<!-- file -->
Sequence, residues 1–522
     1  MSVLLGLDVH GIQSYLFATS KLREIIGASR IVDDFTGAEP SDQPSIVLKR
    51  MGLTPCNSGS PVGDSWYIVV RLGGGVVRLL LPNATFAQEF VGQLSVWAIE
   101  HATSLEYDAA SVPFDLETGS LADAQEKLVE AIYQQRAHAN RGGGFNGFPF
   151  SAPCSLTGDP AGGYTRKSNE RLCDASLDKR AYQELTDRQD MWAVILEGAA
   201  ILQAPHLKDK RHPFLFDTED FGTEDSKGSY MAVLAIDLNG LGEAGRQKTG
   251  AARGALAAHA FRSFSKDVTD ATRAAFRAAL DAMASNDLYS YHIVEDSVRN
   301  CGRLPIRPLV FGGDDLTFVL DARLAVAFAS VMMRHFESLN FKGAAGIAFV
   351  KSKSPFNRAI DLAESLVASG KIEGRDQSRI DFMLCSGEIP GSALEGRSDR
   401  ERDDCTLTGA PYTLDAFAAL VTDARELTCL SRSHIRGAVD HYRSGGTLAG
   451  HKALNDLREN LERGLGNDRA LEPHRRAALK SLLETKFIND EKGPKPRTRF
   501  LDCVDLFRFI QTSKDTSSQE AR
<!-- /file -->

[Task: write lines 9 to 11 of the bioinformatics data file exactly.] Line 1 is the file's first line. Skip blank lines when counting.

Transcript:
   351  KSKSPFNRAI DLAESLVASG KIEGRDQSRI DFMLCSGEIP GSALEGRSDR
   401  ERDDCTLTGA PYTLDAFAAL VTDARELTCL SRSHIRGAVD HYRSGGTLAG
   451  HKALNDLREN LERGLGNDRA LEPHRRAALK SLLETKFIND EKGPKPRTRF